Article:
Just because you think something's worthless doesn't mean that someone else does.

    Besides they have to shell out the annual fee just like everyone else.
  • Check out
    This idiot is trying to LEASE domains...

  • DeBeers merely helps regulate the price of diamonds. DeBeers does not control and will never control the diamond market. Not every diamond purchased goes through debeers hands, in fact, I dont even think debeers handles diamonds themselves. Diamonds are not rare, this is true. Gem quality diamonds are however very rare. Colorless diamonds are rarer than yellow diamonds. Flawless diamonds are rarer than included ones. Larger gem quality stones are rarer than small ones. Mining and the craftsmans time cutting diamonds are what drives market price up.

    talking windows users is where I draw the line ..
  • Thanks...I think that's the funniest thing I've seen all day.
  • This is like ticket scalping. Those prices can get out of hand as well, but there is a law in most states were you can only charge a small percent as a service charge (like ticketmaster charges).

    There should be a similar law on domain names.
  • You're right about the deBeers thing. Over in europe, there's literally millions of diamonds locked up in basements, and occasionally, they'll let 2 or 3 thousand get exported. They're certainly not a rare commodity, just rare to the general public.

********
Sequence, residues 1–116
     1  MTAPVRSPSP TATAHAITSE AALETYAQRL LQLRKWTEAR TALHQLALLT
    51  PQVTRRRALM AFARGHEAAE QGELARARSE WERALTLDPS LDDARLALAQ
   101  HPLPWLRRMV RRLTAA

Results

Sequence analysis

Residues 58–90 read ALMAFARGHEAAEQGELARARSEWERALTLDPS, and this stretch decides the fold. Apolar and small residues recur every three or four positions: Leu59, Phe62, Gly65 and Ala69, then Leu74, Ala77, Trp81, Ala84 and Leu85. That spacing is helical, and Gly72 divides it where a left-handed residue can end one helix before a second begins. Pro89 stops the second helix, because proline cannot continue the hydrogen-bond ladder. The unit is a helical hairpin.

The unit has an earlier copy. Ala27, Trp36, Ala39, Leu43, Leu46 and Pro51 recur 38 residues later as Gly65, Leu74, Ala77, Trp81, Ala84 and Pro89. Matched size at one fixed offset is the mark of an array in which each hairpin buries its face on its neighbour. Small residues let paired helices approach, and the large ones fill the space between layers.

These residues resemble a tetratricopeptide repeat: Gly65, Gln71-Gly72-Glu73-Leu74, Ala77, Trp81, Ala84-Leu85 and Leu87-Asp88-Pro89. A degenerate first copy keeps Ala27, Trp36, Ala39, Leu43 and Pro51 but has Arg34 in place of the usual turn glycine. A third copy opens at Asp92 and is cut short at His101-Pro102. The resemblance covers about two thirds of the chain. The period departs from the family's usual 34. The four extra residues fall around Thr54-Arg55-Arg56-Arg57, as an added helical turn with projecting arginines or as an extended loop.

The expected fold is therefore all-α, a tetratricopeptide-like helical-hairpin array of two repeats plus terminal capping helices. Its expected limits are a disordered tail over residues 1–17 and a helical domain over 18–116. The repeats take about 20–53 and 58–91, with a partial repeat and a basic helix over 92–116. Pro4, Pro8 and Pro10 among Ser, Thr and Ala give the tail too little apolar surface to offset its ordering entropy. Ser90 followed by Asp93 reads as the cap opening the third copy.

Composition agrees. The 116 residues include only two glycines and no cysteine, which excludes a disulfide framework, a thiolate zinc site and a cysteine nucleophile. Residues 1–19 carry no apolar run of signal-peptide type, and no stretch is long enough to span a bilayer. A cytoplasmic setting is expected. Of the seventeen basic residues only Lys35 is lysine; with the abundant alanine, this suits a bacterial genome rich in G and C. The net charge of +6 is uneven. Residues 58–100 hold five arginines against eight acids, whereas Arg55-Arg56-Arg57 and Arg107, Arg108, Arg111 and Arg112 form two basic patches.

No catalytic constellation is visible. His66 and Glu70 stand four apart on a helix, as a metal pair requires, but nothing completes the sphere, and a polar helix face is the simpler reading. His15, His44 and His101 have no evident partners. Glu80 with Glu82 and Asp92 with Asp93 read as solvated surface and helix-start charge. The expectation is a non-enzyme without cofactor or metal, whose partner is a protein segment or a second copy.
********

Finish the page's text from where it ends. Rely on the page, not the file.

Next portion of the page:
-- Give him Head? Be a Beacon?

  • Did you look at the source for their 'look up a domain' page? It points to a local perl script. How much do you want to bet that they log every looked up domain name, and register the available ones before the person who used the tool has a chance? Sheesh. Bloodsuckers.

  • that would be

    Chris Richardson (SLASHDOT-DOM)
    806 Arnold Way
    Menlo Park, CA 94025
    Record last updated on 30-Mar-98.
    Record created on 17-Nov-96.
    Database last updated on 8-Jul-99 08:59:10 EDT.
  • I mostly agree...It's like people buying a plot of land and waiting for someone to buy it. But the problem here, is this 'land' is just a name, which anyone can play on. Especially companies. They can choose Net, or com, they can choose to have "co" or "ltd" or "inc" in the name or not. They can choose to have a - inbetween their words! ..This is almost like land..But just more ignorant. Oh well...People will be people.. Let them waste money..

  • No, having a lisence plate that says FORD is not the same as having One is a useless personal id, the other is a common destination that would cause confusion. The point of trademarking is to avoid "first come first serve" type tactics, and brand name confusion. Nobody can start a car company named Ford because that would cause harm to thier reputation. If you have a legal trademark (which is not just registering it, but using it), you should be entitled to some protection, and domain names should be protected in this manner.